; therefore, to improve service quality, patients should identify the actual quality of primary health care precisely and then improve their satisfaction, thereby promoting the more efficient use of primary-level health resources.

      4.3 Strengths and limitations

      In general, research on patient delays in young women with cervical cancer is lacking. In addition to the demographic data and pregnancy history mentioned in previous studies, the present study comprehensively included a series of factors related to medical behavior. The findings provide a basis for policy decision-makers and healthcare professionals to determine multilevel factors of barriers to health service utilization in young women with cervical cancer. This study ultimately contributed to the development of more effective interventions and increased access to medical welfare among vulnerable populations.
      This study had several limitations. First, it was limited to Hunan province due to constraints of time and funds, and the sample size was small due to the particularity of the population. Second, all the items in the questionnaire were self-reported, which could be a source of bias. Although the questionnaire was pretested before surveying, it was not fully validated. Third, we started the data collection process before coronavirus disease 2019 (COVID-19) occurred, and we could not explore the likely impact of COVID-19 on the results using the available data. Finally, the inability to infer causality from observational research was acknowledged. Further research is required to address these deficiencies.

      Conclusion

      Limited research has explored factors associated with patient delay in young women with cervical cancer. Evidence indicates that early diagnosis and treatment are the most cost-effective measures for eliminating cervical cancer among young women. Our study found that the rate of patient delay in young women with cervical cancer reached 40%, and was positively associated with predisposing, enabling, and need-for-care factors. These findings reinforce the need for programs to enhance knowledge and awareness of cervical cancer screening and the importance of early diagnosis in young women to help eliminate cervical cancer in China by 2050.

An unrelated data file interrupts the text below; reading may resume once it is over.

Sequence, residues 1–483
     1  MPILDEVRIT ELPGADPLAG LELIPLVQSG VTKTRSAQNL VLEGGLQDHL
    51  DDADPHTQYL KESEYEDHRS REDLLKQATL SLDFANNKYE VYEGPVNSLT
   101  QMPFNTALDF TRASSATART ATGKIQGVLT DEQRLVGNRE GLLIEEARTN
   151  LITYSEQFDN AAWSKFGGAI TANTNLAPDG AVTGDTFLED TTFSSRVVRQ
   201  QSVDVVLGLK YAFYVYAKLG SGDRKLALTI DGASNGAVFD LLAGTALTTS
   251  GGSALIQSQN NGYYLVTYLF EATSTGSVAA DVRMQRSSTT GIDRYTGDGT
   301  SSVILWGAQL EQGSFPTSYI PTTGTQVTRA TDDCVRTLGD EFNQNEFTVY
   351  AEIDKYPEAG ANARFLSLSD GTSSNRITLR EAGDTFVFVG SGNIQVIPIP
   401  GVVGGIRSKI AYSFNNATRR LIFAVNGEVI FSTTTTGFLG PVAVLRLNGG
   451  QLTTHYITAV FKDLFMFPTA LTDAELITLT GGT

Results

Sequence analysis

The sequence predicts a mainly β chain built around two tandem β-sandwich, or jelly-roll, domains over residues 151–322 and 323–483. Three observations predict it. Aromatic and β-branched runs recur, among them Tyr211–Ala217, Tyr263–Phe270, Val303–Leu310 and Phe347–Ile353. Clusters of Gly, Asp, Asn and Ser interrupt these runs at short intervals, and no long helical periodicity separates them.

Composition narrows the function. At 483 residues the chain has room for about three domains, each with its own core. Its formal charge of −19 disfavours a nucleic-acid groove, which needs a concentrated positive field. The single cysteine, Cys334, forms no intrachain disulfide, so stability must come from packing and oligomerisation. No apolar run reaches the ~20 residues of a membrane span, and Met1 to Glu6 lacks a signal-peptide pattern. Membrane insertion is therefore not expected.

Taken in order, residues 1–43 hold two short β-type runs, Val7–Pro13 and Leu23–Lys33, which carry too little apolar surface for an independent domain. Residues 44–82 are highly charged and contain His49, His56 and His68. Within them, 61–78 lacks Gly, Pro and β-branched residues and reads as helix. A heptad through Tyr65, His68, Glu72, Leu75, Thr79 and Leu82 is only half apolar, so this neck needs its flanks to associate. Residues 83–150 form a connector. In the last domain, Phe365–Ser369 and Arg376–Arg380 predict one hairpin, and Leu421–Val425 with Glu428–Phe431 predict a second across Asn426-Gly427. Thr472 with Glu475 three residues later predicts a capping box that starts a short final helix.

Funding

      This work was supported by Hunan Women's Federation [grant numbers 19WTB03].

      Author contributions

      Jun MA: Conceptualization; Data curation; Formal analysis; Investigation; Methodology; Roles/Writing - original draft. Yang LUO: Conceptualization; Funding acquisition; Methodology; Project administration; Supervision; Writing - review & editing. Shengbo YANG: Conceptualization; Formal analysis; Writing - review & editing. Xiangyu LIU: Investigation; Methodology. Yueyang PENG: Investigation; Roles/Writing - original draft. Honghong WANG: Formal analysis; Writing - review & editing. Maritta Valimaki: Writing - review & editing. Can Gu: Conceptualization; Data curation; Funding acquisition; Methodology; Project administration; Supervision; Roles/Writing - original draft; Writing - review & editing.

      Declaration of Competing Interest

      The authors declare that they have no known competing financial interests or personal relationships that could have appeared to influence the work reported in this paper.

      Acknowledgements

      The authors would like to thank Editage (www.editage.cn) for English language editing.

      Appendix A. Supplementary data

      The following is the supplementary data to this article: